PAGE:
Objectives: We hypothesized that X-ray fused with magnetic resonance imaging (XFM) roadmaps might permit direct antegrade crossing and delivery of a ventricular septal defect (VSD) closure device and thereby reduce procedure time and radiation exposure. Background: Percutaneous device closure of membranous VSD is cumbersome and time-consuming. The procedure requires crossing the defect retrograde, snaring and exteriorizing a guidewire to form an arteriovenous loop, then delivering antegrade a sheath and closure device. Methods: Magnetic resonance imaging roadmaps of cardiac structures were obtained from miniature swine with spontaneous VSD and registered with live X-ray using external fiducial markers. We compared antegrade XFM-guided VSD crossing with conventional retrograde X-ray-guided crossing for repair. Results: Antegrade XFM crossing was successful in all animals. Compared with retrograde X-ray, antegrade XFM was associated with shorter time to crossing (167 ± 103 s vs. 284 ± 61 s; p = 0.025), shorter time to sheath delivery (71 ± 32 s vs. 366 ± 145 s; p = 0.001), shorter fluoroscopy time (158 ± 95 s vs. 390 ± 137 s; p = 0.003), and reduced radiation dose-area product (2,394 ± 1,522 mG·m2 vs. 4,865 ± 1,759 mG·m2; p = 0.016). Conclusions: XFM facilitates antegrade access to membranous VSD from the right ventricle in swine. The simplified procedure is faster and reduces radiation exposure compared with the conventional retrograde approach.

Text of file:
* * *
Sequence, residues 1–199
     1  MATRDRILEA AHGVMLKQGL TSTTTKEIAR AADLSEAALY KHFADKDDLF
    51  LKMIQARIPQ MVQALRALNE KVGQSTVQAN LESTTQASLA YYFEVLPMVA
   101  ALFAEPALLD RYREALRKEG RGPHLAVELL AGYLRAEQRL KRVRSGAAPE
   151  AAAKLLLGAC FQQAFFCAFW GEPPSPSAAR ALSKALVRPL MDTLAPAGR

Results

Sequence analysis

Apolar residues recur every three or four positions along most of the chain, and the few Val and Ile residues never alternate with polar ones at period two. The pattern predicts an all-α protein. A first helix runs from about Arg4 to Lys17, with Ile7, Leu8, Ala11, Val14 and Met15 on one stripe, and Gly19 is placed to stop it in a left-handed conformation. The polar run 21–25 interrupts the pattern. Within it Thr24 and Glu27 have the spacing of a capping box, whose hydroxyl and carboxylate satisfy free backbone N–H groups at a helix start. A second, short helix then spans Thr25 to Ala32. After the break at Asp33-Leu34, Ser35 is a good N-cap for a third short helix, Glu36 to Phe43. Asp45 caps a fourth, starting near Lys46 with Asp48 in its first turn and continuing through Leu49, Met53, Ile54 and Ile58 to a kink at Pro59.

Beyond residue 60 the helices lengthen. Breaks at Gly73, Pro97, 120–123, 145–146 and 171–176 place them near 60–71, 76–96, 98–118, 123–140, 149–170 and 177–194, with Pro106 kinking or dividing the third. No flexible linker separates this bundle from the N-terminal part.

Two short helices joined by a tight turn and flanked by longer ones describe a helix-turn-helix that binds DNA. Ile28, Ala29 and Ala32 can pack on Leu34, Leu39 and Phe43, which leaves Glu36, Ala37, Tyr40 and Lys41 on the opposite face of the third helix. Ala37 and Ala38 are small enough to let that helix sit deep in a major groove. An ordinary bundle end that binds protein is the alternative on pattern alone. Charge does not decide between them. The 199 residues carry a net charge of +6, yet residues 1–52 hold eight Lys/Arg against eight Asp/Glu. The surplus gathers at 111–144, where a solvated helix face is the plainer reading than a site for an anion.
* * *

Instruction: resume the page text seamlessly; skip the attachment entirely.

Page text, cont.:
- congenital heart disease
- heart septal defects
- image-guided intervention
- interventional magnetic resonance imaging
- multimodality image fusion
ASJC Scopus subject areas
- Cardiology and Cardiovascular Medicine